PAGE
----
Posted in Tips for Young Writers

Making Mistakes

I wanted this post to be about pushing yourself out of your comfort zone and maybe even taking a risk. I was so excited about the work I had done for the dPICTUS unpublished picturebook showcase, that I wanted to share that with you and talk about how taking a risk can be incredibly empowering. And then, I discovered that I’d submitted my book dummy with a typo.

Submitting work, as a writer, with typos or grammatical errors is a bit like turning up for an interview as a hairdresser with a hideously bad haircut. Or going for a job as an accountant and disclosing that you hadn’t filed your tax statement for ten years. Basically, if you want to be ‘hired’ to write, you want to show you can write. And, in a highly competitive industry, where everything else is equal, that typo can be your downfall.

So I did what any other self-respecting adult would do, I berated myself, did some panic googling, berated myself some more and then I cried. And then, I took a deep breath, got perspective and reminded myself that even mistakes are blessings (note, I didn’t start with silver-linings and perspective. I had to implode and become emotional mush first).

If you’re currently beating yourself up over a mistake (and if you’re not right now, let’s face it, you will make a mistake eventually) let me offer you some positivity.

Very Few Mistakes are Fatal

True, we’re starting with a big one but sometimes you really need to latch on to something. All mistakes are where there’s an unwanted consequence of our actions, but for the most part these consequences do not result in death and permanent injury. Thank God.

If you have made a mistake that has resulted in death or something equally significant and final, then that can be very hard to reconcile, precisely because there seems to be no way to come back from them. For most mistakes though, although they might seem horrendous at the time (and have you laying awake and midnight saying, “why? Why?”), chances are there will be other opportunities or at least a way to make amends.

Mistakes are Learning Opportunities

Don’t shoot the messenger. It might seem trite, but it’s true. It’s true of even our biggest mistakes. In my case I learnt to read my work out loud a final time before hitting the send button. Did I need time to pass before I could be open to this lesson. Hell yeah! But once I settled down, I could take the lesson on. Now, if you keep making the same mistake and not paying attention to the lesson, that’s just being stupid.

It is Your Fault – Let that Empower You

Why did I send my work off with a typo? I was tired – I’d been working solidly on it for for two weeks. I was complacent – I thought I’d read through it enough. I was impatient – it wasn’t due in until the next day but I couldn’t wait. These may be reasons, but they’re not excuses. What I should have done is waited until the next day and looked at it with fresh eyes before sending it off. It was within my power to do that, but I didn’t.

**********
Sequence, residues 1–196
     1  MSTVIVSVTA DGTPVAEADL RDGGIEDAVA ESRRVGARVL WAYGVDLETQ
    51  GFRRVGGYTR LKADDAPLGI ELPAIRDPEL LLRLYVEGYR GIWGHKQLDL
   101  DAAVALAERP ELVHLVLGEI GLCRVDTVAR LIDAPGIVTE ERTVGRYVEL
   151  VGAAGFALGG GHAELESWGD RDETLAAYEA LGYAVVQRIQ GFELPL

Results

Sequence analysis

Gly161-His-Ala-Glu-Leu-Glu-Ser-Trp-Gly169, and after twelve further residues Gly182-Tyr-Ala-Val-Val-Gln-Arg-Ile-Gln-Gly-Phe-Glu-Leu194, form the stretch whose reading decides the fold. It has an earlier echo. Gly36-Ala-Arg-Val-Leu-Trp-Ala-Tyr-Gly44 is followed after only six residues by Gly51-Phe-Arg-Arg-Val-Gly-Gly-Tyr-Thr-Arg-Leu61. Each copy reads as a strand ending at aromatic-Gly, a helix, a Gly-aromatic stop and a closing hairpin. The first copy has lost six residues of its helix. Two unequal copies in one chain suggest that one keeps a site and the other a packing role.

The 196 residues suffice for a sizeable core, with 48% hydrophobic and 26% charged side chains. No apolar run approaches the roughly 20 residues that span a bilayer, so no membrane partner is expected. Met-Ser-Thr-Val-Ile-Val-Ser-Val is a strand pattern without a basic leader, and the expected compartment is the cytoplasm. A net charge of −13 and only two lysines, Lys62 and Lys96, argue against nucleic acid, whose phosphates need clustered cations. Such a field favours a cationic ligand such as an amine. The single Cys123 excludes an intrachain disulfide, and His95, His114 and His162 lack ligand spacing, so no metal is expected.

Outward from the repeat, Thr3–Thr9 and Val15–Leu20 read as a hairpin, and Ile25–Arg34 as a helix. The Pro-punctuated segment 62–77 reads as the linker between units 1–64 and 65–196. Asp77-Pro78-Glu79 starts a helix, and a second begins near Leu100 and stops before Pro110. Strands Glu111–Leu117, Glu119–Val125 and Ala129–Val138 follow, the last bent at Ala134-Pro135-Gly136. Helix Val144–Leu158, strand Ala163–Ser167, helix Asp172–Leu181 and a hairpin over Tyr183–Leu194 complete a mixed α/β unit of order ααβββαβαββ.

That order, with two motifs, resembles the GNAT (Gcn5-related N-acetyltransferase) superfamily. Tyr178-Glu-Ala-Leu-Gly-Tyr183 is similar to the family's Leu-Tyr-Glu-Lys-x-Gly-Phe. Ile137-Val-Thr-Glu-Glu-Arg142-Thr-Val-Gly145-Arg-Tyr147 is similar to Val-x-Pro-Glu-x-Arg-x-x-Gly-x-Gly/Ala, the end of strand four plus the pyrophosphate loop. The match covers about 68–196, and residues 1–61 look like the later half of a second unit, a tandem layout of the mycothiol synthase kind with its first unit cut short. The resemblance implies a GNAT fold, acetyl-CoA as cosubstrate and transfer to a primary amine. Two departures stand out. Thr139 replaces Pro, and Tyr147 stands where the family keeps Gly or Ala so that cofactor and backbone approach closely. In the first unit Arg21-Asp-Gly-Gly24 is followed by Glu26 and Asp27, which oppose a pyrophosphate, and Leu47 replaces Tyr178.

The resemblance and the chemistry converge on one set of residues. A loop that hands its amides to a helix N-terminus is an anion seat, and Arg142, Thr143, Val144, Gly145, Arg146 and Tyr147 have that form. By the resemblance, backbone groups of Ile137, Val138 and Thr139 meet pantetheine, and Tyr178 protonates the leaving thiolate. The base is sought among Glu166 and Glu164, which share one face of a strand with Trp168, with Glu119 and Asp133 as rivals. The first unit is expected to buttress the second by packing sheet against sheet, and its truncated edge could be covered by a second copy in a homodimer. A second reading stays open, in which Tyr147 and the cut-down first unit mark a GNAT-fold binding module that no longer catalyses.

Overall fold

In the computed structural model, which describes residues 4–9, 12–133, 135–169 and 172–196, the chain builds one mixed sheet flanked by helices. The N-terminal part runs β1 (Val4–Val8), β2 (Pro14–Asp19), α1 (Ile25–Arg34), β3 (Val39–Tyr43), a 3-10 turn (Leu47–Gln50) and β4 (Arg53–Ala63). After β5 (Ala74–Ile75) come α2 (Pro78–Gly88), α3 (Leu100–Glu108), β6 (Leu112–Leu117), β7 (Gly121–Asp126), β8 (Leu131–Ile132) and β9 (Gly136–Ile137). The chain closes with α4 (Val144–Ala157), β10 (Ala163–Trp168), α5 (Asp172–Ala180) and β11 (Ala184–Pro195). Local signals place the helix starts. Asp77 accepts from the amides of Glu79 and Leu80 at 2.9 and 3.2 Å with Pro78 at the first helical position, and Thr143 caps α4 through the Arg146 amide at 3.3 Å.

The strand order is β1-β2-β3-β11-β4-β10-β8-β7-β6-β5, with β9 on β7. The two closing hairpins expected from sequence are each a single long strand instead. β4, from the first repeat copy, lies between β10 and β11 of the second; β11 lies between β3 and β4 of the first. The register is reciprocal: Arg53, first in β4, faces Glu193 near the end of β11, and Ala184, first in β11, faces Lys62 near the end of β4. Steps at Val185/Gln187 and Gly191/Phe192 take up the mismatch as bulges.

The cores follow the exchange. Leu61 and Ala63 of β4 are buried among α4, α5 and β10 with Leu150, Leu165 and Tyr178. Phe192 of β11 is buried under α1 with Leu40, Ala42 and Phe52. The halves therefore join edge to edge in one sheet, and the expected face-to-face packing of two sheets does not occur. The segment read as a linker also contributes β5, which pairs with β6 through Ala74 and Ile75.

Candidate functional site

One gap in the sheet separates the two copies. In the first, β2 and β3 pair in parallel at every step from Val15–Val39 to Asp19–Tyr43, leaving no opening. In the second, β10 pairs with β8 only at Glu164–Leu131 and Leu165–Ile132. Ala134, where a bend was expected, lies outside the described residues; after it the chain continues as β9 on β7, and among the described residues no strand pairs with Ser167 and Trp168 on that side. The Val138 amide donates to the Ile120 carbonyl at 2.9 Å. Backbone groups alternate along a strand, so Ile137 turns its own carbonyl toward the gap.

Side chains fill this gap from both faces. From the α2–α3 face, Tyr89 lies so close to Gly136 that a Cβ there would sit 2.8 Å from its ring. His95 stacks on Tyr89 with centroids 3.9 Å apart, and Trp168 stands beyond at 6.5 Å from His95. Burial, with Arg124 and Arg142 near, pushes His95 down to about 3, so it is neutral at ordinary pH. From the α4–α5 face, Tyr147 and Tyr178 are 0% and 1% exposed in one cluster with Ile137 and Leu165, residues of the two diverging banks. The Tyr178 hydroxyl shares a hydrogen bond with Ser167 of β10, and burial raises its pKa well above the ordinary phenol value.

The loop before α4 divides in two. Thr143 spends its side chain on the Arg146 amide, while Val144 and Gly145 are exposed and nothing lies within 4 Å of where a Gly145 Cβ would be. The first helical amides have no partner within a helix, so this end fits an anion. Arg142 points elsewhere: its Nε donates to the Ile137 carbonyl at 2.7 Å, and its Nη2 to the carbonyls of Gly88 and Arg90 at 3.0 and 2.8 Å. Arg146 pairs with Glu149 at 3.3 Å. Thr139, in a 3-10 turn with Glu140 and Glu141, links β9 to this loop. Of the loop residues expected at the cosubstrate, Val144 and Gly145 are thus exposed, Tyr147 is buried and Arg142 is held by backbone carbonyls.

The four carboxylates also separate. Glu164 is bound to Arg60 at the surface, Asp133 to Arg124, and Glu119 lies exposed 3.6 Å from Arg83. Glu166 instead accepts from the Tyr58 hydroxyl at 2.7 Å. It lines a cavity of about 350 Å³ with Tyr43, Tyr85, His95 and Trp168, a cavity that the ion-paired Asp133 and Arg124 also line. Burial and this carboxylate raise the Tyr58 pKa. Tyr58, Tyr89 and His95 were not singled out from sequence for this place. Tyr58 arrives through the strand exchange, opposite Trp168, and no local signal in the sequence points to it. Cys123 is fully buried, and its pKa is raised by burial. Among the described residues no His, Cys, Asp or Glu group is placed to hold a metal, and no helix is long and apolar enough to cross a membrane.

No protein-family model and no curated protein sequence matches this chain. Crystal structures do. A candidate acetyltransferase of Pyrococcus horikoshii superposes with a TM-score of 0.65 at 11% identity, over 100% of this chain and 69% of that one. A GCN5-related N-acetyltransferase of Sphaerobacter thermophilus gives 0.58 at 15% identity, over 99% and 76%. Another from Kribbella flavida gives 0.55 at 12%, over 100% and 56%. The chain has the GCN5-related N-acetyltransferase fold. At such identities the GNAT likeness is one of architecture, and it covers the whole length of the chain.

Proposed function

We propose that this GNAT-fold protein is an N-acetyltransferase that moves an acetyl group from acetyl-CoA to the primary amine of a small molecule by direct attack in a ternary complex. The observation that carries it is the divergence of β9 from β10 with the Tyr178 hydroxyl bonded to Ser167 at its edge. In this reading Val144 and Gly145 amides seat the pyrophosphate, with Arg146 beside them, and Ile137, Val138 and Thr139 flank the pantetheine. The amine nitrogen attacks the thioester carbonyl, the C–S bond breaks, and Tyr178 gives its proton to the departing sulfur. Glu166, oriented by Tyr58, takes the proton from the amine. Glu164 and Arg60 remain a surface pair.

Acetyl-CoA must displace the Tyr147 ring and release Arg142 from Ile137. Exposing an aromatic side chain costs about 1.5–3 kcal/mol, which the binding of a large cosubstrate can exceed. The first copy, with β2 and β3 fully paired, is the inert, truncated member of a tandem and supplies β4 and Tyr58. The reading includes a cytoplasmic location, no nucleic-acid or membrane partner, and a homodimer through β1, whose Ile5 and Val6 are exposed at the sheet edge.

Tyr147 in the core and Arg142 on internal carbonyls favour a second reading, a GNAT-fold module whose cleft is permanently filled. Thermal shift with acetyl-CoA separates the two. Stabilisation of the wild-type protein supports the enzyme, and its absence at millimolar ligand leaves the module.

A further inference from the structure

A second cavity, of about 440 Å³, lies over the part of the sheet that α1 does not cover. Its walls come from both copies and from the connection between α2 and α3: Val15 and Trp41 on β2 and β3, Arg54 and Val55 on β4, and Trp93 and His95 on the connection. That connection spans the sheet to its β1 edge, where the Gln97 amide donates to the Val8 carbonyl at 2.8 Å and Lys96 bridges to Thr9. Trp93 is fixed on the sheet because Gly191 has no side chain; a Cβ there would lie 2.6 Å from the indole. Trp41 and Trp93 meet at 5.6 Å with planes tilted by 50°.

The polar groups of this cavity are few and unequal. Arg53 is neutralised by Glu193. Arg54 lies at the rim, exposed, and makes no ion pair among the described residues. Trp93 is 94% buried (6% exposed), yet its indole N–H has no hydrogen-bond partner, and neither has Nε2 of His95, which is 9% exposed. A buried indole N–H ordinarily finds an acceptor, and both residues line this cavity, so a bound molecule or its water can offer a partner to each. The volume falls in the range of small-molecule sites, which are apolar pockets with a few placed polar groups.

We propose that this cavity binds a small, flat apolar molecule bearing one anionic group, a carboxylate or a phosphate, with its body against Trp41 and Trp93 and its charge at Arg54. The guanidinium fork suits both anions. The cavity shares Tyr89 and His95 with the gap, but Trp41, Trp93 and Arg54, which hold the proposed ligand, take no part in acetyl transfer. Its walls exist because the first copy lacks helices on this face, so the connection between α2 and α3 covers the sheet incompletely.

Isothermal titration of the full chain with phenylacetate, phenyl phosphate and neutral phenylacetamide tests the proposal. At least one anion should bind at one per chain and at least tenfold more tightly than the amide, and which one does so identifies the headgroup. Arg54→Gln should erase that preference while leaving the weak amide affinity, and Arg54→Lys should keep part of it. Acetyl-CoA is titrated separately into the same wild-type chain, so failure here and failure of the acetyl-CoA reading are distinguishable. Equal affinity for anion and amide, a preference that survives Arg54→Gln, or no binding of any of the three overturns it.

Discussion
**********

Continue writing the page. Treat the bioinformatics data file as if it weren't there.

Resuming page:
That might not sound very positive but it is, because I can do things differently next time. It’s no one else’s fault but mine, and I alone have full control over my actions and behaviours. I don’t need to repeat my mistakes, because I recognise what I did wrong and I can change that in the future. I might sound like Dr. Phil Lite but that doesn’t make it less true.

All human beings make mistakes. Me, you, our parents, teachers, politicians and religious leaders. None of us are immune. Once you’ve stopped beating yourself up or crying (both of which are fine and natural) try and remember that there is a positive spin to making mistakes. That you aren’t alone. And that you can do better next time.

Posted in Blog

11 Years

I once read that one of the most important career related decisions a woman can make is who she chooses as a partner – someone who values her career as much as his or her own and is willing to do things to support it, or someone who sees their career as most important and can only take what they need to sustain it, not give what their partner needs. What this comes down to is mutual respect. Seeing each other as equal partners where, when one person succeeds, they both succeed.

11 years ago today I made one of the best decisions of my life and married my husband. We’d been together for four years before that and, to be honest, if he had’t proposed when he did we wouldn’t be where we are today. But he did, and here we are.

We’ve weathered our fair share of storms. We are incompatible in every way but the important ones. We’ve embarked on the journey of parenting and eight years in have managed to produce two beautiful little boys without killing each other (or them. Some days it’s a close run thing though). He lifts me up, makes me laugh, holds me when I cry, forgives my weaknesses, leads when he must and follows when he must. Apart, we are still whole but together we are so, so much more than the sum of our parts.

Truly and as trite as it sounds, everyday I love him more.

Allot 2007 171

Posted in Tips for Young Writers

Don’t Look Away

I want you to look at this picture:

serena

Maybe you’ve seen it before, maybe this is the first time. Maybe you’re apathetic about it, maybe it brings out strong emotions in you. Maybe you think it’s offensive, maybe you think it’s fine.  You don’t have to share these thoughts and feelings. I have my own thoughts on the cartoon which I’m happy to share in the comments, but they aren’t the point this post.